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Crafting a Legacy: The Remarkable Journey of Oscar Belliveau

Oscar Belliveau is an eccentric individual, but engaging in a conversation with him is an experience you wouldn’t want to end. He possesses a plethora of stories from his well-traveled life that commenced with harness racing.

Born in Halifax in 1950 and brought up in Moncton, New Brunswick, Oscar’s introduction to harness racing occurred during his early years as a newspaper boy.

In 1963, at the age of eight, Oscar’s paper route led him to the racetrack, specifically the old Moncton Raceway, later known as Brunswick Downs. The track’s historical significance during World War II as an airport was highlighted by Joe O’Brien’s father, a key figure in its establishment.

Oscar attributes his attraction to the barn area at Moncton to his astrological sign, Sagittarius, which he humorously describes as being “half-horse.” This emotional connection to horses and the track prompted him to frequent the area after school, eventually extending his visits to the summers. Under the mentorship of trainer Danny Pelerin, Oscar delved into tasks like cleaning stalls and tending to the horses.

Enduring the harsh Canadian winter conditions, Oscar reminisces about jogging horses using a sled to navigate the snow and ice during the chilly months.

Restless in a traditional academic setting, Oscar’s adventurous spirit led him to run away from home at the tender age of 14, embarking on a journey to Frederickton, New Brunswick. Despite the lack of monetary compensation, he found solace in the provision of shelter and food. Subsequent escapades to Woodstock, New York, and St. Johns at ages 14 and 15, respectively, preceded his stint at various racetracks like Vernon Downs, Seminole Downs, Saratoga, and Roosevelt, where he encountered renowned horses such as Lavern Hanover and Fresh Yankee.

Returning to Canada in 1974, Oscar had garnered profound insights into horses and the racing industry, particularly emphasizing the importance of maintaining both the mental and physical well-being of these magnificent animals. His expertise expanded to include alternative therapies like acupuncture and herbal remedies, which he employed to aid the horses under his care.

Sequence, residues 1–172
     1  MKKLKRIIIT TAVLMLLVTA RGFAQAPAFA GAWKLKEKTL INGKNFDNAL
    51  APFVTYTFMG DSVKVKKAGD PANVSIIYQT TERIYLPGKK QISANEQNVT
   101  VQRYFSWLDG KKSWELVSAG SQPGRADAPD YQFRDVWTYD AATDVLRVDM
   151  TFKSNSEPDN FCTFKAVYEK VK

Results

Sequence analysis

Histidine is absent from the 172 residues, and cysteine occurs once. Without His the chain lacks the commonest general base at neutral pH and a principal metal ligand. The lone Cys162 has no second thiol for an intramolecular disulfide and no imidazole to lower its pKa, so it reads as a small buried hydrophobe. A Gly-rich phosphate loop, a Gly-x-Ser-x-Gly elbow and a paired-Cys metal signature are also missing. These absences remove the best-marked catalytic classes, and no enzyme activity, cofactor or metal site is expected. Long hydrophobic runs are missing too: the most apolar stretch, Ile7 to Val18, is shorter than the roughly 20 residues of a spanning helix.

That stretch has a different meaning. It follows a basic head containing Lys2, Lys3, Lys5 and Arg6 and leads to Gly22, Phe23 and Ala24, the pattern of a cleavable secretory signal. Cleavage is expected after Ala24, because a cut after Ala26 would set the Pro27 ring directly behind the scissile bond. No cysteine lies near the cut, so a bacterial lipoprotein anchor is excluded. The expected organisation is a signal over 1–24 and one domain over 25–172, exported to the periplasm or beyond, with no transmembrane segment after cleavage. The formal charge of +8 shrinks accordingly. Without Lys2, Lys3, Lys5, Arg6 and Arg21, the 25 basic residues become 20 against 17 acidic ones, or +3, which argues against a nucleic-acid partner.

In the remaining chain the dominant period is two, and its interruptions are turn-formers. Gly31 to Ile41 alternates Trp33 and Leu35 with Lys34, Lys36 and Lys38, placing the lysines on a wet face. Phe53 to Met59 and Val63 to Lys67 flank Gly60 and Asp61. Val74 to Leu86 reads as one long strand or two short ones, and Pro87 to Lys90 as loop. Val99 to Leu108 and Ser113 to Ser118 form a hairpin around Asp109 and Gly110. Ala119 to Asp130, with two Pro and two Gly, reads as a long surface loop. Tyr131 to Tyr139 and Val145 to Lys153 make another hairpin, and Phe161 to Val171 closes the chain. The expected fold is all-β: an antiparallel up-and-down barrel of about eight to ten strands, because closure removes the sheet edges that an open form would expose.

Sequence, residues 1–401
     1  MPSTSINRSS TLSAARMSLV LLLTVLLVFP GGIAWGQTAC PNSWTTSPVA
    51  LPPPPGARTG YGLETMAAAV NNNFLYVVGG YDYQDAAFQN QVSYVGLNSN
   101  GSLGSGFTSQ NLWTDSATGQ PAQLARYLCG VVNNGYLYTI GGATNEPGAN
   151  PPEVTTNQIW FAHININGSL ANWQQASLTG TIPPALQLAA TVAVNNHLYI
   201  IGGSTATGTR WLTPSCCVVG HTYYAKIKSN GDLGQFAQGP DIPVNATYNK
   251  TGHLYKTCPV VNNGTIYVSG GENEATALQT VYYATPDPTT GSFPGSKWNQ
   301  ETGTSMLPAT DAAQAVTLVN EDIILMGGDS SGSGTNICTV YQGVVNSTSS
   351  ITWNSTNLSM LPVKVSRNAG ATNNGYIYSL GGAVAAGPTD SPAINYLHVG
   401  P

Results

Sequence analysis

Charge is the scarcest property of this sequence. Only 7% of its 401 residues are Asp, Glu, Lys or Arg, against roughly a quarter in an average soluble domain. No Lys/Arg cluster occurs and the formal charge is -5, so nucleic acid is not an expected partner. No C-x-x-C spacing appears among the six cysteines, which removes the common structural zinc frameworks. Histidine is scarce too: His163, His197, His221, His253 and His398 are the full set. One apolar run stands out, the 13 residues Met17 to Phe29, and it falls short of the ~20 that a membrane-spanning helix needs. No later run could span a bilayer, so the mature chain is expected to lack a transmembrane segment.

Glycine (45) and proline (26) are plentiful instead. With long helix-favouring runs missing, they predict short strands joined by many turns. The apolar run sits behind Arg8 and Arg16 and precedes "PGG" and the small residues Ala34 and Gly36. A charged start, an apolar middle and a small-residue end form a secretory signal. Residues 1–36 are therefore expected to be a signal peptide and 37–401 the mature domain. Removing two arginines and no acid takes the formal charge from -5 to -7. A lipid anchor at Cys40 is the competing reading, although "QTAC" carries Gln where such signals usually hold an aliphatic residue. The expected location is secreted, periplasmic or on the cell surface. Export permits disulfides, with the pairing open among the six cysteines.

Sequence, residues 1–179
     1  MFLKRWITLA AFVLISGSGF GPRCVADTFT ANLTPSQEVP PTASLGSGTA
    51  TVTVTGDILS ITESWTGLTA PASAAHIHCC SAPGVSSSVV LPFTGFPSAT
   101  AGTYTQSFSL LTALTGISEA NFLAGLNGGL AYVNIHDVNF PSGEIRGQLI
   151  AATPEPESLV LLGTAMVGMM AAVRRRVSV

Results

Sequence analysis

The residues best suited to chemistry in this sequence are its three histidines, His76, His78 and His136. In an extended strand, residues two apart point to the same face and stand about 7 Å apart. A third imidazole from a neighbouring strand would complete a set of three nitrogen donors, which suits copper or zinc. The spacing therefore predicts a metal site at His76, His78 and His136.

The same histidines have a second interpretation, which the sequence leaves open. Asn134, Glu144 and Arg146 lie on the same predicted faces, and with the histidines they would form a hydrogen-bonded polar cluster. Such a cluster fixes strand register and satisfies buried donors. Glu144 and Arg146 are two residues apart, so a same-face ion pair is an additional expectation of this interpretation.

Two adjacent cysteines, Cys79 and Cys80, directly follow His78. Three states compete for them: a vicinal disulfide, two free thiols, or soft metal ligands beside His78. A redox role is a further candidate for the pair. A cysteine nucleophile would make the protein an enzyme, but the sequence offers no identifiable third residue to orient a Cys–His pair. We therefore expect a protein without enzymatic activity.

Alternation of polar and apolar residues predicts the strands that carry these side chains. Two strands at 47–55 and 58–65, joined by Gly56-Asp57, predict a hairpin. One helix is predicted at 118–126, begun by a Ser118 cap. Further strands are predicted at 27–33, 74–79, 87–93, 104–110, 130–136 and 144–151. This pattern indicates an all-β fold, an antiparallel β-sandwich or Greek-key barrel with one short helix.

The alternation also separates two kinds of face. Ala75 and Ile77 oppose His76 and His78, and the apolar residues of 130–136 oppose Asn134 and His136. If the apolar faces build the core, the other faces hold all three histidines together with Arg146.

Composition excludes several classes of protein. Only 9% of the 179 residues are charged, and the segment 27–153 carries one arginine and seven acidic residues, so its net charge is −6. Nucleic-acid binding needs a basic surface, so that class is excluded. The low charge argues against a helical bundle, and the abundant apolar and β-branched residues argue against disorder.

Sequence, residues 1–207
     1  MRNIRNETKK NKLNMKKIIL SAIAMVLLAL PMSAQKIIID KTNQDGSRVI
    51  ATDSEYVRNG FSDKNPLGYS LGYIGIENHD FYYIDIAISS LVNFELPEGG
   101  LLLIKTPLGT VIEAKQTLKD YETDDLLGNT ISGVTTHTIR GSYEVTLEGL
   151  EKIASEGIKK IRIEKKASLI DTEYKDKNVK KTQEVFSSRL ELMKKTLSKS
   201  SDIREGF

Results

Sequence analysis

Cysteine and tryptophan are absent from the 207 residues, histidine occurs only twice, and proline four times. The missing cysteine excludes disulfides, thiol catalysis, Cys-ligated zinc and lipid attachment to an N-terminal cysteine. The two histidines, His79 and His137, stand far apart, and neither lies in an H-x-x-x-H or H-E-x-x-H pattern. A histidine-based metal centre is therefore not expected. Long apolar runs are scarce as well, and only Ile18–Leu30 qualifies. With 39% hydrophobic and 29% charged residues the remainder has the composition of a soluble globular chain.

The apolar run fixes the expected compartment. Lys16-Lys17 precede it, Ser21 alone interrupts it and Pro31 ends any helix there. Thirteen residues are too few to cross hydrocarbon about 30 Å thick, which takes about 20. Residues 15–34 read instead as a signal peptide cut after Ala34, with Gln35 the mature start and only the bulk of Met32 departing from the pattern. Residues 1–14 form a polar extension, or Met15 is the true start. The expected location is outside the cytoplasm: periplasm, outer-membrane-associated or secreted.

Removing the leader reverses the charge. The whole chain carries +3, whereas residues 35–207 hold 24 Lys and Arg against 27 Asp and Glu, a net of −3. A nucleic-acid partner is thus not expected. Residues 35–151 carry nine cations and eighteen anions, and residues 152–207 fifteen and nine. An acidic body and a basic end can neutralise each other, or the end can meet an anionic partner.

Collaborating with esteemed horseman John Patteson, Sr., in Dalton, Georgia, Oscar’s experiences ranged from caretaking Most Happy Fella during a pivotal race to working with Randy Perry’s stable in New York. Despite opportunities to take over Perry’s horses after an unfortunate accident, Oscar’s unwavering commitment to caretaking prevailed.

Transitioning through diverse experiences in the 1990s, Oscar’s trajectory led him to China in 2006 as an English teacher—a role he embraced wholeheartedly despite his modest educational background. His profound understanding of horses and their needs significantly influenced his teaching approach, emphasizing the importance of adaptability and intuition in fostering effective communication and learning.

Reflecting on his unconventional educational journey shaped by his interactions with horses, Oscar acknowledges the invaluable lessons learned and the impact on his teaching methodology. Employing storytelling as a powerful teaching tool, he engages students through historical narratives, fostering a deeper understanding and connection to the subject matter.

At 73, Oscar’s health and financial stability stand as testaments to his dedication to the art of caretaking. Drawing parallels between deciphering horses’ needs and addressing challenges in life, he underscores the nuanced nature of understanding and resolving issues, whether in the realm of animal care or human interaction.

Through his experiences with horses, Oscar has cultivated a profound appreciation for life’s complexities, recognizing that true understanding often lies beneath the surface, waiting to be uncovered through patience, intuition, and a willingness to listen—to both animals and people alike.